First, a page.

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Corporate Law Case Digest: Bayla v. Silang Traffic Co. (1942)

G.R. Nos. L-48195 and 48196             May 1, 1942
Lessons Applicable: Purchase Agreement (Corporation Law)

  • Petitioners purchased the following:
Sofronio T. Bayla.......
Venancio Toledo........
Josefa Naval..............
  • purchase price to be paid 5% upon the execution of the contract and the remainder in installments of 5%, payable within the 1st month of each and every quarter startingJuly 1, 1935, w/ interest on deferred payments at 6%/annum until paid
  • They also agreed to forfeit in favor of seller in case of default w/o court proceedings
  • BOD resolution Aug 1, 1937: rescinding the agreement
  • Petitoners filed an action in the CFI against Silang Traffic Co. Inc to recover certain sum of money w/c they had paid severally to the corp. on account of shares of stock they indiv. agreed to take and pay for under certain conditions
  • Defenses:

  1. That the resolution is not applicable to the petitioners Sofronio T. Bayla, Josefa Naval, and Paz Toledo because on the date thereof "their subscribed shares of stock had already automatically reverted to the defendant, and the installments paid by them had already been forfeited"
  2. that said resolution of August 1, 1937, was revoked and cancelled by a subsequent resolution 

  • RTC: absolved defendant. BOD resolution cancelled
  • Petitioners appealed
  1. W/N the subsequent BOD resolution is valid
  2. W/N  under the contract between the parties the failure of the purchaser to pay any of the quarterly installments on the purchase price automatically gave rise to the forfeiture of the amounts already paid and the reversion of the shares to the corporation
HELD: NO. CA reversed.  Silang Traffic to pay petitioners
  1. NO
  • noted agreement is entitled "Agreement for Installment Sale of Shares in the Silang Traffic Company, Inc.,"; that while the purchaser is designated as "subscriber," the corporation is described as "seller"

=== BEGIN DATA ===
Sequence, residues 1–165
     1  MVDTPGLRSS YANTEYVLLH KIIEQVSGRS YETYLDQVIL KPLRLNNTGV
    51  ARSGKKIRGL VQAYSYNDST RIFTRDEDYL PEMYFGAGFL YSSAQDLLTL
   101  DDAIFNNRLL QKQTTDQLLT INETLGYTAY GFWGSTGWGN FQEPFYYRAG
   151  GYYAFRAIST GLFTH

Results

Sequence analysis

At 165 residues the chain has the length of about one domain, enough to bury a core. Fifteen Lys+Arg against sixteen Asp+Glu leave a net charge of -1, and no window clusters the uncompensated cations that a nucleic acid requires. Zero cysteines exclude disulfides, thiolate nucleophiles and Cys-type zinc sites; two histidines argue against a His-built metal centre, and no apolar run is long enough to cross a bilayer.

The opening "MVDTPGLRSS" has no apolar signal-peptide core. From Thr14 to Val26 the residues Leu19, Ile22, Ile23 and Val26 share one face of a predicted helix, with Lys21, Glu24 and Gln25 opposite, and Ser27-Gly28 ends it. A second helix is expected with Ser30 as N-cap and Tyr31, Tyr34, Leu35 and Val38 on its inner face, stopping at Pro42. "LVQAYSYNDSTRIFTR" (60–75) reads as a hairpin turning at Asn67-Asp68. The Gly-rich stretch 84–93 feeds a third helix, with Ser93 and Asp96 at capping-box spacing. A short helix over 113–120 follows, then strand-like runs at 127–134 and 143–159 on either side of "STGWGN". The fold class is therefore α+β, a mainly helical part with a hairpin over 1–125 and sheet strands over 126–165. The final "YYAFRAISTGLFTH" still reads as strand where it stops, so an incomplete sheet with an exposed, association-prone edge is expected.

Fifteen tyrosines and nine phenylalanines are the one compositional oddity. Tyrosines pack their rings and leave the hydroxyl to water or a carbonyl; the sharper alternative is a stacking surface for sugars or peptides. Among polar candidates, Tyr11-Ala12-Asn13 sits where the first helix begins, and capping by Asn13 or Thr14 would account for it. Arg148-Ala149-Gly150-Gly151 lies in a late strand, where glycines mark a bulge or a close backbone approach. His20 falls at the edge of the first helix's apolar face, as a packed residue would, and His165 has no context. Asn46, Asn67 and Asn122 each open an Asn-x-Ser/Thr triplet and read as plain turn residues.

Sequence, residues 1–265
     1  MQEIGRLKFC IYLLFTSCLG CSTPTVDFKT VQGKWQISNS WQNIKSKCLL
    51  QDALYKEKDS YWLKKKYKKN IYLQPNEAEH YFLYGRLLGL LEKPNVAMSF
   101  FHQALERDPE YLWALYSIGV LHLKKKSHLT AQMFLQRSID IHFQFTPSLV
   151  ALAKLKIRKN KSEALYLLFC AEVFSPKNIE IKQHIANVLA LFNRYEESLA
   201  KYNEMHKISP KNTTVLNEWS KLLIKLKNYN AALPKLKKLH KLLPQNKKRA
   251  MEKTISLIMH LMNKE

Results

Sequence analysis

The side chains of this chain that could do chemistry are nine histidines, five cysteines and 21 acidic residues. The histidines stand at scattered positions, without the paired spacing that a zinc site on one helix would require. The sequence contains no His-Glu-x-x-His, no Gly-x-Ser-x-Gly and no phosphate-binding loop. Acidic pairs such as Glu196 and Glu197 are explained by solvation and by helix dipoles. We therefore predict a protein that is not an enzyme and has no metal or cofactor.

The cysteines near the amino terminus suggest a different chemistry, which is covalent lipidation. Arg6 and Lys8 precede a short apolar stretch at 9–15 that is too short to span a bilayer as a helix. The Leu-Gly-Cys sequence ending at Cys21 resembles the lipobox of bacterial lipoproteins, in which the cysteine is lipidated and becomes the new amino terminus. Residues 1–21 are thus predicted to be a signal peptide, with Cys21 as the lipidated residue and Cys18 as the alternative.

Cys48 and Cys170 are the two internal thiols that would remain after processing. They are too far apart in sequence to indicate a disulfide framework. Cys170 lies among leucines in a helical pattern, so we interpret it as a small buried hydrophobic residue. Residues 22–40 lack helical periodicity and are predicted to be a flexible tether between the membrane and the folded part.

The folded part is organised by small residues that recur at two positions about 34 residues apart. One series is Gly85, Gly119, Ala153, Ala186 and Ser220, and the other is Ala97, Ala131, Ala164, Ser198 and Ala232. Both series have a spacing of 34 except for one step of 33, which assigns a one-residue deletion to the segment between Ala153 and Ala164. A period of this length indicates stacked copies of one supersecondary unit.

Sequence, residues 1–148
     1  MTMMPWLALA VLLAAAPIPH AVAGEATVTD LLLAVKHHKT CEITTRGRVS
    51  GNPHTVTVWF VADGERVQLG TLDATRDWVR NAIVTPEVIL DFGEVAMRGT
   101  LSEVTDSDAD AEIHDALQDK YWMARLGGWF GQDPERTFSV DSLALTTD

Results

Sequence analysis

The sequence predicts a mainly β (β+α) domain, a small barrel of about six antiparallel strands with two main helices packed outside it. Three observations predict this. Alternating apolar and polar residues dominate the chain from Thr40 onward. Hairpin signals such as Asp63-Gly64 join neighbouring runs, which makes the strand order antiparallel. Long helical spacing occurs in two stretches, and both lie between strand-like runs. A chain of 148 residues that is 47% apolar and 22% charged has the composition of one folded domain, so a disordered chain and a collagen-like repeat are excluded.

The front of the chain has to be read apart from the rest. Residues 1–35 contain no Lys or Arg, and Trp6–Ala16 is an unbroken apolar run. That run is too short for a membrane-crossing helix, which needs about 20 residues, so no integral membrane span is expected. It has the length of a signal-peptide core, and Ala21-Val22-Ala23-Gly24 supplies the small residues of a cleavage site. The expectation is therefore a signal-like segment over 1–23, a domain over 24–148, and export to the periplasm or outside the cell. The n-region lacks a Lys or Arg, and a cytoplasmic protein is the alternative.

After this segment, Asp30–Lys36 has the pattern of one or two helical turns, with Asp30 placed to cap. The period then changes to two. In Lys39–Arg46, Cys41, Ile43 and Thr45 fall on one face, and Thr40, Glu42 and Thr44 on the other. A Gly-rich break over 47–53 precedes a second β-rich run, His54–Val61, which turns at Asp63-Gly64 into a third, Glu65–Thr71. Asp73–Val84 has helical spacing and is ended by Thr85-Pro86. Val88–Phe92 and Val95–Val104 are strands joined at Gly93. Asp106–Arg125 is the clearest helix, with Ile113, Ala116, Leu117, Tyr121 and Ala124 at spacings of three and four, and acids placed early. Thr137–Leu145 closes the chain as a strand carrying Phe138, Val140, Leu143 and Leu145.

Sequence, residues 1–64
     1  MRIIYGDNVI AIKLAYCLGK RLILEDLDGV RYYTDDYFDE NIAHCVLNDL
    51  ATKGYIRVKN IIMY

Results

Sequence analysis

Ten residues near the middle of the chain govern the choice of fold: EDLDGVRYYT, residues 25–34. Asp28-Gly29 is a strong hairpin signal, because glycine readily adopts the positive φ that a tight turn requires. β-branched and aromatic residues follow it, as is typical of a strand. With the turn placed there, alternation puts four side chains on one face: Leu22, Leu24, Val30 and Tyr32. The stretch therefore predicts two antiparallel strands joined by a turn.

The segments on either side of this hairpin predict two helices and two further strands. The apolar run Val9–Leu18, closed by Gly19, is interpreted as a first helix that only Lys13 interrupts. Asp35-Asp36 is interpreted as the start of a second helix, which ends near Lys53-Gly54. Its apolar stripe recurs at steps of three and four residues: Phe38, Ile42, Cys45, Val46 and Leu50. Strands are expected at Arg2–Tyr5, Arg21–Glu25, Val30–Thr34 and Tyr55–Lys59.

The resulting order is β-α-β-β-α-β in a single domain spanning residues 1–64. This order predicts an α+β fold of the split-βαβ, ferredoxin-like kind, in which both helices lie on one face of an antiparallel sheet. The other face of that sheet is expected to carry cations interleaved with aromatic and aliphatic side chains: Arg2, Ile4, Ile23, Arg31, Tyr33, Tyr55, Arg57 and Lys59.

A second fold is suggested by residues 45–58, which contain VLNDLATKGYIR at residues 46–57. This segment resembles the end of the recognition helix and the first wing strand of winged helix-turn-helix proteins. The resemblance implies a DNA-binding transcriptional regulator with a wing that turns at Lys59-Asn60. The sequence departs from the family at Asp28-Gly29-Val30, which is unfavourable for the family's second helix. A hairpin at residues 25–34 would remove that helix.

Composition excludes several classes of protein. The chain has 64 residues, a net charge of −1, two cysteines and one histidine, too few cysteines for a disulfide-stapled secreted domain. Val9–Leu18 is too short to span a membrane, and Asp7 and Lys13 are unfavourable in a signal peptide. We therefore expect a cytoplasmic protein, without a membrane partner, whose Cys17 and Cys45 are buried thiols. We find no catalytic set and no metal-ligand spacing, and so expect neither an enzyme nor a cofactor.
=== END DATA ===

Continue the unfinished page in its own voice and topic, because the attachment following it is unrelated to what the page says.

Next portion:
• Whether a particular contract is a subscription or a sale of stock is a matter of construction and depends upon its terms and the intention of the parties
  • subscription - mutual agreement of the subscribers to take and pay for the stock of a corporation
  • purchase - independent agreement bet. the individual and the corp. to buy shares of stock from it at stipulated price
  • rules governing subscriptions and sales of shares are different
    • Corporation Law regarding calls for unpaid subscription and assessment of stock (sections 37-50) do not apply to a purchase of stock
    • corporation has no legal capacity to release an original subscriber to its capital stock from the obligation to pay for his shares, is inapplicable to a contract of purchase of shares.
  • The contract in question being one of purchase and not subscription as we have heretofore pointed out, we see no legal impediment to its rescission by agreement of the parties
  • We may add that there is no intimation in this case that the corporation was insolvent, or that the right of any creditor of the same was in any way prejudiced by the rescission.
  • The attempted revocation of said rescission by the resolution of August 22, 1937, was invalid, it not having been agreed to by the petitioners.
     2. NO
  • The provision regarding interest on deferred payments would not have been inserted if it had been the intention of the parties to provide for automatic forfeiture and cancelation of the contract
  • contract did not expressly provide that the failure of the purchaser to pay any installment would give rise to forfeiture and cancelation without the necessity of any demand from the seller
    • Art. 1100 of the Civil Code: persons obliged to deliver or do something are not in default until the moment the creditor demands of them judicially or extrajudicially the fulfillment of their obligation, unless 
      (1) the obligation or the law expressly provides that demand shall not be necessary in order that default may arise
      (2) by reason of the nature and circumstances of the obligation it shall appear that the designation of the time at which that thing was to be delivered or the service rendered was the principal inducement to the creation of the obligation.